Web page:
The 2016 Hitman was one of my favorite games of the year, and the same could be said for the follow-up. As I said before, it truly made assassination a game, and an extremely replayable one at that. Hitman III is an excellent third act, and it will probably stay as one of the more fun titles you can have in your early PS5 library.
Fans of the franchise and many gamers of a certain age, especially those who have a next-gen console in the hopper, will still find enough to like in Call of Duty: Black Ops - Cold War. I personally still replay the mission with the arcade shootout just to get a little '80s cheeseball energy going, but I think the strategy of overwhelming people with as much content and as many shooter modes as possible might be starting to wear thin. We're not there quite yet, but I'm hoping the next Black Ops might have just a bit more than poking at my childhood memories of a culturally iconic president.
My only real gripe about Marvel's Spider-Man: Miles Morales is that I wish there were more of it. Miles and the rest of his circle are absolutely capable of being compelling enough to carry a game for twice the length. I just like this kid, and I think a lot of other people will, too.
While NBA 2K21 is clearly different from its predecessor in several ways, I can't say it's significantly better than what we saw last season. The game still looks fantastic, the commentary is still top-notch, and many of the same battles you might have had with the previous edition are still there, like whether you want to spend so much virtual and real money. If you don't have any basketball games in your library and want to change that, then by all means, this is as good as it can possibly get.
Neversong is one of those games that feels like an impactful and interactive art piece rather than the kind of title you envelop yourself in for hours and hours at a time. As with many indie projects, you can tell it was crafted with great care and a message that doesn't need a lot of time to register. I enjoyed it and would recommend it to anyone looking for a little dark adventure.
Huntdown has been out for a while, but it's a good, silly tonic for players looking for a nice distraction from all of the heavy and involved open-world adventuring out there. It'll scratch most of your action itches and, if you're a certain age like me, it'll bring back a few memories of a bygone era. It's not the worst thing to think about.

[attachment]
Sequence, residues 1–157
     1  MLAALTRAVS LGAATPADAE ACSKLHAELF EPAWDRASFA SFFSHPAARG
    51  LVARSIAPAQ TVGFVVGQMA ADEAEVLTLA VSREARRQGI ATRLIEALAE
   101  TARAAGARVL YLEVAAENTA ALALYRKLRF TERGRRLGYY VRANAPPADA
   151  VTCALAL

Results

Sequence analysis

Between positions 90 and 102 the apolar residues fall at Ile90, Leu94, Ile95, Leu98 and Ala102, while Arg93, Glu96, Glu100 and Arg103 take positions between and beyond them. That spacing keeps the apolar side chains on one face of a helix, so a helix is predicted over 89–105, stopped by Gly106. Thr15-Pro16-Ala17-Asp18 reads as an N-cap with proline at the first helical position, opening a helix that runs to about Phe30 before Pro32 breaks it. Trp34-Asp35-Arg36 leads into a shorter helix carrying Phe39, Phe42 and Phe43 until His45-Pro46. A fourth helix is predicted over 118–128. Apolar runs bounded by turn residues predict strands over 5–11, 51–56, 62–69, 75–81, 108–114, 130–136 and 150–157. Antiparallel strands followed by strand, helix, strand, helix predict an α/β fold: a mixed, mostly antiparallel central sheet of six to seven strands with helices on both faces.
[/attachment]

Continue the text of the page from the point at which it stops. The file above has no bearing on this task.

Considering that this could be the closest thing we see to "normal" football for a long time, Madden NFL 21 works. However, I can't shake the feeling that more could be done. Some things feel practically untouched. The create-a-player faces are still weird. Why can there be such a discrepancy in head sizes? Why can't I seem to port over the player I created in Face of the Franchise into a regular roster or at least have him available in regular create-a-player? The array of quarterback throwing motions still seems limited, and it pales in comparison to the way players in other sports games are so heavily signaturized. I still feel there's plenty of work to be done with this franchise, and that so-called "next level" we keep looking for can be reached. For now, I might tighten up my Yard skills, see what new decisions I can make in a new career mode, and beef up on my RPO mastery while I hope for more in next year's Madden outing.
Even after achieving "G.O.A.T." status, I have a hard time peeling away from UFC 4. After hours and hours of play, I still feel like there's a lot more to learn about the fighting systems and all the moves that can branch out from each ground position. It's addicting to tinker around with it or map out a new career for another created fighter, messing around with building (or burning) bridges with either fighters to see how his or her path maps out. Whether you want a little action distraction or want to get lost in what the MMA world has to offer, UFC 4 has it. Just remember to apologize to your training partners in advance.
When the credits rolled after the final scene, I felt like I was in a movie theater and ready to applaud. I got to binge-watch and play the samurai story of my dreams. For anyone else who's ever picked up a long, empty wrapping-paper tube, held it with two hands a few inches apart, and swung it like a samurai, I have good news: We found it. We've got our game.
I'd classify River City Girls as a fun, anime-inspired romp that's worth the time if you're looking for a balance between the visceral satisfaction you get from pummeling enemies on-screen and some of the off-center humor one can find in pieces like "Scott Pilgrim vs The World." It has that kind of vibe, and it's a great change of pace from the more heavy-handed stuff out there.